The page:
Kansas City Royals: Should Yordano Ventura be a Royals Hall of Famer?

The Kansas City Royals announced the 2019 Royals Hall of Fame nominations. When looking at the group, some players seem less qualified than others, while others seem like possible choices. One specific player though might provide some controversy as to whether or not he should be in the Hall.

After the Kansas City Royals released their 2019 Royals Hall of Fame ballot, it’s only natural that opinions of who deserves to be inducted come with it. The list this year doesn’t have many names that stand out, but one is set to give Royals nation something to talk about for a while.

No, I’m not referring to Bo Jackson. While that is always an interesting topic every year. I’m referring to Yordano Ventura.

What do the numbers suggest?

Ventura’s case is an interesting one. During his four years with the Royals, Ventura posted a 3.89 ERA over 547.2 innings and 98 games. He was 38-31 as a starter, stuck out 470 hitters while walking 211, and posted a career 7.0 WAR. During the Royals run in the playoffs, Ventura posted a 4.66 ERA over 10 games and 46.1 innings.

So how do those numbers compare to other pitchers in the Royals Hall of Fame?

**only statistics from their time in Kansas City**

  • Dennis Leonard: 12 years, 3.70 ERA, 2,187.0 innings, 1,323 strikeouts to 622 walks. The thing that’s impressive about Leonard though is his franchise leading 103 complete games and 23 shutouts. His 26.0 WAR is also 11th
  • Paul Splittorff: 15 years, 3.81 ERA, 2,554.2 innings, 1,057 strikeouts to 780 walks. Splittoff also has the franchise record in most wins (166), innings pitched, and games started (392). He is also 16th in WAR (23.3).
  • Bret Saberhagen: 8 years, 3.21 ERA, 1,660.1 innings, 1,093 strikeouts to 331 walks. Saberhagen also has the franchise record in WHIP (1.134) and was the Royals 1985 World Series MVP, two-time Cy Young (1985 and 1989), two-time All-Star (1987 and 1990), and won one Gold Glove (1990). He is also 5th in WAR (40.8).
  • Dan Quisenberry: 10 years, 2.55 ERA, 920.1 innings, 321 strikeouts to 139 walks, 238 saves. Quisenberry also holds the franchise record in ERA, and ERA+ (160). He was a three-time All-Star and five-time Rolaids Relief pitcher. Quisenberry is also 12th in WAR (25.5).
  • Jeff Montgomery: 12 years, 3.20 ERA, 849.1 innings, 720 strikeouts to 287 walks, 304 saves. Montgomery also holds the franchise record in games played (686), saves, and games finished (543). He was a three-time All-Star and a one-time Rolaids Relief pitcher and is 20th in WAR (21.0).
  • Larry Gura: 10 years, 3.72 ERA, 1,701.1 innings, 633 strikeouts to 503 walks. He was also an All-Star in 1980. He is also 22nd in WAR (18.7).
  • Mark Gubicza: 13 years, 3.96 ERA, 2,223.1 innings, 1,371 strikeouts to 786 walks. He was a two-time All-Star (1988 and 1989). He is also 6th in WAR (38.2).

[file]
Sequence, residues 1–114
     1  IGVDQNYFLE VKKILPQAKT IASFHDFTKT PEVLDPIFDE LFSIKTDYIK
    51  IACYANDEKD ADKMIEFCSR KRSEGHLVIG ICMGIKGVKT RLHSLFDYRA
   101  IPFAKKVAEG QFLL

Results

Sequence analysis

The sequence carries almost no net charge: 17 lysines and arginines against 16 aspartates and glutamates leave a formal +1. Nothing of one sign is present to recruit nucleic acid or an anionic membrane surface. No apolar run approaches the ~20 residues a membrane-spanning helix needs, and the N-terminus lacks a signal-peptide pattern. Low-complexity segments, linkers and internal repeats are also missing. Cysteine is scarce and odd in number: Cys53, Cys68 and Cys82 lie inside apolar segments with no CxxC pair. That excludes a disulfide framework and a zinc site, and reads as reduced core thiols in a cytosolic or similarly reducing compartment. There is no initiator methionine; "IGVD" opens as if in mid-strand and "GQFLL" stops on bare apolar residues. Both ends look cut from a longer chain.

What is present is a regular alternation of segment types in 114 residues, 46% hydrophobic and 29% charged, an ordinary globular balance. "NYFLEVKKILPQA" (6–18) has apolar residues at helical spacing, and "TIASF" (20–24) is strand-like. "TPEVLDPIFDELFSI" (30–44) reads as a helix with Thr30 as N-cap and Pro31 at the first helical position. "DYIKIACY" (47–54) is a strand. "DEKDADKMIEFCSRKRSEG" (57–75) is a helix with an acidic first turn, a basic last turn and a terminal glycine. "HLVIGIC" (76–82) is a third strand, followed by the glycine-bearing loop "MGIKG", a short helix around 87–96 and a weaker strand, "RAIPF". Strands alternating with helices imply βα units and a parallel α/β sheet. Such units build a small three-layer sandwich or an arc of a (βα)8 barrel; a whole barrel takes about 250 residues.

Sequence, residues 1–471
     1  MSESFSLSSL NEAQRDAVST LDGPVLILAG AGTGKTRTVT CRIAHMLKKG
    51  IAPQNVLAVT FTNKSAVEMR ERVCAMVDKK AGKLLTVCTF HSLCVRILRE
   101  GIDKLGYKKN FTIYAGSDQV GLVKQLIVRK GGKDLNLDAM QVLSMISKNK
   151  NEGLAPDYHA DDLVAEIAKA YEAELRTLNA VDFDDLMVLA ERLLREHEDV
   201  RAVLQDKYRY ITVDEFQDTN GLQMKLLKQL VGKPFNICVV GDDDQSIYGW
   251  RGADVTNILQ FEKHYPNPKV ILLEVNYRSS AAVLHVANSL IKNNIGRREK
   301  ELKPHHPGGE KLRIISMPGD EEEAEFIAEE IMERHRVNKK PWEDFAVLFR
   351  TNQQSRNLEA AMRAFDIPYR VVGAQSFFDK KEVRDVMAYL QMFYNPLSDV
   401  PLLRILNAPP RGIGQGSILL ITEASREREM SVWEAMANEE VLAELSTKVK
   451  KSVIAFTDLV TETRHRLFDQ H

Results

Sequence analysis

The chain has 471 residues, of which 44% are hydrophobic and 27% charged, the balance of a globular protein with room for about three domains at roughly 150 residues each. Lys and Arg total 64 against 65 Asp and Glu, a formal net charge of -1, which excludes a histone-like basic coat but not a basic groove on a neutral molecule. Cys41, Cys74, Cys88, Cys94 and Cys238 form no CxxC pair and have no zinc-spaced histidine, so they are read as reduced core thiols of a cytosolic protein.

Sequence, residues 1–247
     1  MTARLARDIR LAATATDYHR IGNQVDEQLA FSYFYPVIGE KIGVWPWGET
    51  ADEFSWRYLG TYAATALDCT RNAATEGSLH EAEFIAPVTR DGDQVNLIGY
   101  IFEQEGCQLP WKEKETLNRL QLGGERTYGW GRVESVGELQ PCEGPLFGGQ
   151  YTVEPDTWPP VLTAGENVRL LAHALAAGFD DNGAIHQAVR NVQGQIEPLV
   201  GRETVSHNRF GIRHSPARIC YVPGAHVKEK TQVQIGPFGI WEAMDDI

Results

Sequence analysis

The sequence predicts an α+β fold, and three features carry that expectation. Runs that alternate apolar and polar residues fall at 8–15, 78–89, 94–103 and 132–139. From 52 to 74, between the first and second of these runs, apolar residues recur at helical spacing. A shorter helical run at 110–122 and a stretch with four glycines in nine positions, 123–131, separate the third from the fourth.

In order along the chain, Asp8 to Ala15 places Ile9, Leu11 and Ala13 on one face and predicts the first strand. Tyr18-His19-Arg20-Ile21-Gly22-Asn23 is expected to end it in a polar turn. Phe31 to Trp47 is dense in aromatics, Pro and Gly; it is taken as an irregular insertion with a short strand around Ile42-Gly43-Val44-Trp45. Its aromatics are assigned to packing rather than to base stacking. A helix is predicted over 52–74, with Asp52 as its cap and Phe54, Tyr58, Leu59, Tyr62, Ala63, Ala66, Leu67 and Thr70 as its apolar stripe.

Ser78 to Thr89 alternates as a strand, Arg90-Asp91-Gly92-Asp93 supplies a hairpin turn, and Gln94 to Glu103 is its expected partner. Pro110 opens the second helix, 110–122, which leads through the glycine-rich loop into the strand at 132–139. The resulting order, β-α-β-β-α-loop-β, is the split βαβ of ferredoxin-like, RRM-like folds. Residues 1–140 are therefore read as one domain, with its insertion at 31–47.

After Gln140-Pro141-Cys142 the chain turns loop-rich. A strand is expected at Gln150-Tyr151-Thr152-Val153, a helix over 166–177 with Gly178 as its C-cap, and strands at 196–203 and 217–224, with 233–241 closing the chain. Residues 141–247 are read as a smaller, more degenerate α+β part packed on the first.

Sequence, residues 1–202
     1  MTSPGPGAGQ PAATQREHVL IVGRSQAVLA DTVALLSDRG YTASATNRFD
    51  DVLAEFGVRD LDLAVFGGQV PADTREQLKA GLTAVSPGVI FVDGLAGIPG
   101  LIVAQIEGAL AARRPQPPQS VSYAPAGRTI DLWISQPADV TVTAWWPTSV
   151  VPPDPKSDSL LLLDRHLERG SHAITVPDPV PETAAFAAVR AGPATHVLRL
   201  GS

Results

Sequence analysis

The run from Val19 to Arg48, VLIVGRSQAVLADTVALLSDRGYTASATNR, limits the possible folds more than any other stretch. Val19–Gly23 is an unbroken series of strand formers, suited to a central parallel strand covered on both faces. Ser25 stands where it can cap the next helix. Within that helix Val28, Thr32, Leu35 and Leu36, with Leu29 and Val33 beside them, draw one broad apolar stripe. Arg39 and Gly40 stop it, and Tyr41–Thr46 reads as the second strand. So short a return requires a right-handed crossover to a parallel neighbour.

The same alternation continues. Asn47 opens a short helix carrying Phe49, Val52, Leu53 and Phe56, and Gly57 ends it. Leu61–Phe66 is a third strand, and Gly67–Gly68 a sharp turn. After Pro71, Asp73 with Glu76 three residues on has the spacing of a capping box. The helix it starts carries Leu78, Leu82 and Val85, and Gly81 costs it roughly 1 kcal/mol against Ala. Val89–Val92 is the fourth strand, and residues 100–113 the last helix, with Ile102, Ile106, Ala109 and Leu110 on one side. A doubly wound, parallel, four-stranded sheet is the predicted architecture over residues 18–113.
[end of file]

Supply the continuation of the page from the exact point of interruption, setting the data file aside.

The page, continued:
• Steve Busby: 8 years, 3.72 ERA, 1,060.2 innings, 659 innings to 433 walks. He was a two-time All-Star (1974 and 1975).
  • Kevin Appier: 13 years, 3.49 ERA, 1,843.2 innings, 1,458 strikeouts to 634 walks. Appier is also the franchise leader in WAR (47.2), and strikeouts. He was also an All-Star (1995).

When you look at how Ventura compares to the other pitchers that are currently in the Royals Hall of Fame, he doesn’t look too far off. Unfortunately, I don’t know if he is at the same level as the other pitchers.

Is he a Royals Hall of Famer?

For me, I don’t think you can put Ventura in the Hall of Fame. For a simple answer, he just didn’t play long enough. While his numbers aren’t too far off from what current members have done, the longevity is what seems to hold Ventura back and make the gap bigger between him and the current members.

It is hard for me to say that simply because he was such a key contributor for the Royals success. The flare he brought to every game, and the playoff contribution he provided for the Royals is hard to forget. But you have to leave emotion out of this.

If Ventura didn’t pass away in his tragic accident and continued on the trend he currently was, then I believe he would have worked his way into the Royals Hall of Fame. I just don’t see how the four years he played equates to what the current pitchers in the Royals Hall achieved.

Does this mean Ventura doesn’t deserve something in the Hall of Fame? Absolutely not. I believe the Royals need to do something that will help future Royals fans remember/learn about the fire Ventura brought to Kansas City. I’ve been a big supporter in doing something as simple as a torch in the outfield that is dedicated to “Ace”.

Perhaps they have a section cut out just for him that commemorate all of his big moments, including his Game 2 of the 2014 ALDS when he threw 7.0 innings and allowing just three runs to the Angels, and his 7.0 innings in Game 6 of the 2014 World Series against the Giants that sent the series to Game 7. Along with any other games that best define what type of player Ventura was.

Final Thoughts

For me, I don’t believe Ventura is a Royals Hall of Famer. Just because it is a team Hall of Fame and not the MLB Hall of Fame doesn’t mean emotions and sentiment should be involved. Fan favorites don’t always get in, and that’s okay. Bo Jackson still isn’t in the Royals Hall of Fame and he was one of the hottest names in all of baseball.

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If you did a blind test, or a “say it out loud test”, and gave his statistics, I don’t believe you would say “yes” when asked if he is a Royals Hall of Famer.

I love Ace, and I miss him tremendously. But I believe the Royals can honor his life and his contributions in a way other than putting him in the Royals Hall of Fame.

What do you think Royals nation? Is Yordano Ventura a Royals Hall of Famer? Let us know below!

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